Eyes2Eyes is also committed to raising awareness about corneal transplants in South Africa and debunking the myths around cornea tissue procurement. Currently, corneas are imported, mostly from the USA, at a cost of about four times that of locally procured ones.
The organisation also aims to raise awareness about the need for custom-fit scleral lenses for patients battling cornea disease. Bafflingly, the state does not supply these for conditions like keratoconus, a bulging of the cornea, to patients needing them for their visual rehabilitation. Medical aids also do not cover these costs. This can be the last step in the process for visual rehabilitation – and yet the current protocol is to advise patients to seek laser surgery.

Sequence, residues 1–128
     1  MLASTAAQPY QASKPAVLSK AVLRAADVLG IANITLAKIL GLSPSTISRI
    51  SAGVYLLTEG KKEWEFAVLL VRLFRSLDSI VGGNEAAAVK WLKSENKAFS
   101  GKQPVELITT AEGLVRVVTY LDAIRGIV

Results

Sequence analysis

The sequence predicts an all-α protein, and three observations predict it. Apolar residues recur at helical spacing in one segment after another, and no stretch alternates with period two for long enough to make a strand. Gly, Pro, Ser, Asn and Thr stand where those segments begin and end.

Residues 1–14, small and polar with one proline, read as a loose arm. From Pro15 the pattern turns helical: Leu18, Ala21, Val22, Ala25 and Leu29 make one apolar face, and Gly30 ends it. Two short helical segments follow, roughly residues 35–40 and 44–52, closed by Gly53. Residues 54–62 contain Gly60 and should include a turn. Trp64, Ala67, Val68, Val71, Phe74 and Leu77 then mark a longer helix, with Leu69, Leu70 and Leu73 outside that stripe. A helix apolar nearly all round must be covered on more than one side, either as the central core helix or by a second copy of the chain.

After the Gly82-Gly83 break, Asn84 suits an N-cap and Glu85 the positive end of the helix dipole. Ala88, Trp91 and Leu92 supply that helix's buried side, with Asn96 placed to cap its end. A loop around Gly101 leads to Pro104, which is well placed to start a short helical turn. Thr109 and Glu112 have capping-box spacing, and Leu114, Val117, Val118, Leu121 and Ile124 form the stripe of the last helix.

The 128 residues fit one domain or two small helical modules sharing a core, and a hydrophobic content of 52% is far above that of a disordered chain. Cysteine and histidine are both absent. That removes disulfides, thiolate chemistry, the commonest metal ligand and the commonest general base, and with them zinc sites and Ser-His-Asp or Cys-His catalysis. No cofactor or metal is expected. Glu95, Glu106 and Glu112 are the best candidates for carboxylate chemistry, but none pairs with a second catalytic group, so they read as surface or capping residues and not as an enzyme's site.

In one month alone, Eyes2Eyes received enquiries from 15 young patients needing scleral lenses. The impact of severe low vision on their lives is enormous. All of them expressed frustration at not being able to study, fear for their future employment prospects and their inability to participate socially because of their visual challenges.
Eyes2Eyes has managed to negotiate a 30% discount on scleral lenses for their clients, but the cost of one lens is generally in the region of R8,000. These lenses are currently imported and customised according to the topography of the client’s eyes. They need support to fulfil their vision.
Eyes2Eyes is actively advocating for change, and avoidable blindness is at the very top of their list of objectives. DM/MC